Wednesday October 27, 2021

When in a hole

By Ali Ahsan
September 21, 2021

When you find yourself in a hole, keep digging. That, dear readers, may well be the ultimate epitaph for Pakistan. Everyone’s focused on the hole. Some make it wider, others tunnel deeper. And the truly gifted deliver smoothness so devilish that climbing out is as unlikely as mounting a greased pole in a loincloth.

But then there is the Captain. He’s an all-rounder – digging, widening, smoothing, he excels at them all. He sees a country full of craters and he starts swinging his shovel for sixers.

Take the current bête noire of the bourgeois, the Single National Curriculum or SNC. No one denies we have a problem with a stratified system. But the answer can’t be to clump the islands of private excellence with the marshes of public dysfunction, and drown both with the deadweight of a clumsily incomplete curriculum.

Our existential problem is not the books our kids read. It’s the kids who aren’t even in class. If Unicef is to be believed, we have the second highest number of out-of-school children in the world – some 23 million. These are the multitudes destined to live entire lives on the fringes of modern society – unskilled, unemployable, and unprepared.

What does the SNC have to say about this? Nothing. Indeed, most experts suggest that the hasty rollout of an untested curriculum and an unprepared teaching cohort will succeed only in raising drop-out rates in the public system. But yet we keep digging.

If only Robin Hood and his merry minions could realise that breaking the feudal’s china to decree clay bowls for all is meaningless for the millions who sit at no table and cradle no bowls.

And now we hear that the part of the education sector most desperately in need of reform – the twisted, turgid and functionally illiterate madrassah system – is exempt from the SNC for the foreseeable future. We live in a country where one has difficulty predicting what the morrow will bring so the possibility of the SNC ever infiltrating this domain is roughly the same as a profound thought emanating from the Captain’s regent in Punjab.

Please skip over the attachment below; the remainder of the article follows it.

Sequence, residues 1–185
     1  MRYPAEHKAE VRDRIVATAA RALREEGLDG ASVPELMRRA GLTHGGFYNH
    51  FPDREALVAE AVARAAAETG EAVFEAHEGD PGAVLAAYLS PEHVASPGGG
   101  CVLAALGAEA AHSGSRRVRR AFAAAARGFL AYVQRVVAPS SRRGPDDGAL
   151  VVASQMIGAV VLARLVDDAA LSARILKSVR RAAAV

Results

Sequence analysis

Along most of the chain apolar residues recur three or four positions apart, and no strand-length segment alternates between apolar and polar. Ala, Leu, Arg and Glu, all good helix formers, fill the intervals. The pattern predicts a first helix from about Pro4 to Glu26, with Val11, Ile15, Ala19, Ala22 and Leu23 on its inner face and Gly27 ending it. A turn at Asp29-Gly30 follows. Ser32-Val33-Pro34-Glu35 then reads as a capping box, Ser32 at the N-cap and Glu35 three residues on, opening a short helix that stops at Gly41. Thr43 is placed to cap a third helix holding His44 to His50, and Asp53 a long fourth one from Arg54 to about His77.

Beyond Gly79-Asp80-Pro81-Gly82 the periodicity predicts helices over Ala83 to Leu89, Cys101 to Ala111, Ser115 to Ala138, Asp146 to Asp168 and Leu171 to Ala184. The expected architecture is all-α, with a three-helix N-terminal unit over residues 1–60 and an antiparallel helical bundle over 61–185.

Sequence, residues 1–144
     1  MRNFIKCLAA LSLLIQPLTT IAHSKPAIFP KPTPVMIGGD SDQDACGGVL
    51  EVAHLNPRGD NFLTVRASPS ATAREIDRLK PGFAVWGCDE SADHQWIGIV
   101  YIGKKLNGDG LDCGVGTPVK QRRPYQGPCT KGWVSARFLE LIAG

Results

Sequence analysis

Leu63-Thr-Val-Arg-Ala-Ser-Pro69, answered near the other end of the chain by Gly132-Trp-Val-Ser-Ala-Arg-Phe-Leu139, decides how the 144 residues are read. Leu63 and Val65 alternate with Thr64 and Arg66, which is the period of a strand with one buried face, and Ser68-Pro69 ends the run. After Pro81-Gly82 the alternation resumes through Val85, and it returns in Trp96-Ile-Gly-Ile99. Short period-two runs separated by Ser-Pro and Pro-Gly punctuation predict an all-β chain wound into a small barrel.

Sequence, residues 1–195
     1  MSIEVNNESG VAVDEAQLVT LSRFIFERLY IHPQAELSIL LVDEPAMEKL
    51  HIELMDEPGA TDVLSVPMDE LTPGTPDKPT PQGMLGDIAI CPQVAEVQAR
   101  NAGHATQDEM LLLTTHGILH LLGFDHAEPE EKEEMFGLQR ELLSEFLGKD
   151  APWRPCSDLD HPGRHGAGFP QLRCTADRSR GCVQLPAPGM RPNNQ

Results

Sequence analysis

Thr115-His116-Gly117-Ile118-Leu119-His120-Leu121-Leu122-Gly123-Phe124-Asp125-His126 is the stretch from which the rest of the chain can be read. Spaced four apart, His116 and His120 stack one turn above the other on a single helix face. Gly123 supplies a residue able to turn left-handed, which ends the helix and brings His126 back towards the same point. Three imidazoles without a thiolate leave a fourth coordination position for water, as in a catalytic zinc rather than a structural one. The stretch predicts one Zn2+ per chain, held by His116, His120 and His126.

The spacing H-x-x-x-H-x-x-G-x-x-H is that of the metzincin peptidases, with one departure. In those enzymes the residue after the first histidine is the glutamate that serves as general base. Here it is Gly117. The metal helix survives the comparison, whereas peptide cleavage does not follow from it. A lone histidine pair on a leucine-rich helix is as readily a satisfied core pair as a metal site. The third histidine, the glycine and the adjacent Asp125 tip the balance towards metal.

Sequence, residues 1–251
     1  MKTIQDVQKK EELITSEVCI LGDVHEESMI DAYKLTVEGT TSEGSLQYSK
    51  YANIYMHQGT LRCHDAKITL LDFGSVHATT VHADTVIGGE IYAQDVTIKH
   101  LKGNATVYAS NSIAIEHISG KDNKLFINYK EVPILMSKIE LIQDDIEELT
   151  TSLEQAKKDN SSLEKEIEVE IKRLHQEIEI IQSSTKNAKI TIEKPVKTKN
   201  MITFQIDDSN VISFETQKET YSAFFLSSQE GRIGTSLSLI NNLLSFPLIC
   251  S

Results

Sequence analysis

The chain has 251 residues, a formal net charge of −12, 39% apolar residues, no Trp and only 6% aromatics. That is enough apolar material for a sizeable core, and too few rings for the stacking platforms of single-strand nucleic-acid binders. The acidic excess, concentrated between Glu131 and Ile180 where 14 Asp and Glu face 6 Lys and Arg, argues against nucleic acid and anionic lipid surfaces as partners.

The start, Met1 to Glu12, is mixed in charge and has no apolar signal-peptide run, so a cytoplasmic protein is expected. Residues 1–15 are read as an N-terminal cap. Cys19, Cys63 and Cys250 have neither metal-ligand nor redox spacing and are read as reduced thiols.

It’s enough to make one yearn through rose-tinted lenses for the days of Shahbaz Sharif. For all his considerable limitations, the man was all in on education – not the ‘vilify the rich to earn points with the poor’ class warfare of the Captain, but in the more boring (and apparently less vote grabbing) one-kid-at-a-time manner. His education reform roadmap targeted the things most amiss with our system: missing teachers, ghost schools, broken down infrastructure, student absenteeism. It wasn’t perfect, but at least it saw the forest for the trees and made some admirable dents. And guess who led that commendable effort? None other than KP’s Taimur Jhagra, in his earlier life as a private sector suit.

Perhaps the government could reach out to their own in-house expert for a second opinion. Maybe he could explain to them how he tested, piloted and validated all his education changes before springing them on Shahbaz’s subjects.

The dirty little secret, of course, is that fixing a shambolic education system takes time. But, with an election on the horizon, this is time the Captain doesn’t have. A proper fix is also expensive; classes don’t mend themselves and teachers don’t show up for free.

So what is an administration to do with little time and even less money? Turns out curriculum reform is both cheap – bureaucratic committees around a roundtable! – and instant (if you care little about quality) – print new books! Who cares then that it all amounts to the proverbial lipstick on a pig.

No wonder the government’s furious and fickle SNC roll-out feel less like pedagogy and more like politics. Have to hand it to them, it certainly will make for great click-bait at the hustings – the same (battered) education for rich and poor alike! Everyone in the same hole, all digging downwards.

Amidst all this mayhem, one wonders about the silence of the Supremes. So quick to take notice of every minor annoyance but now so deafeningly quiet on a matter tragically tailor made for their attention and redressal.

And there, ultimately, is the rub. A critic of the suo motu reduced to pleading for its exercise. For amongst all my gripes with the Captain, there is also his ability to make me yearn for the very things that I most dislike.

After all, where is a Saqib Nisar when you actually need him?

The writer, a former aide to UN Secretaries-General Kofi Annan and Ban Ki-moon, tweets @aliahsan001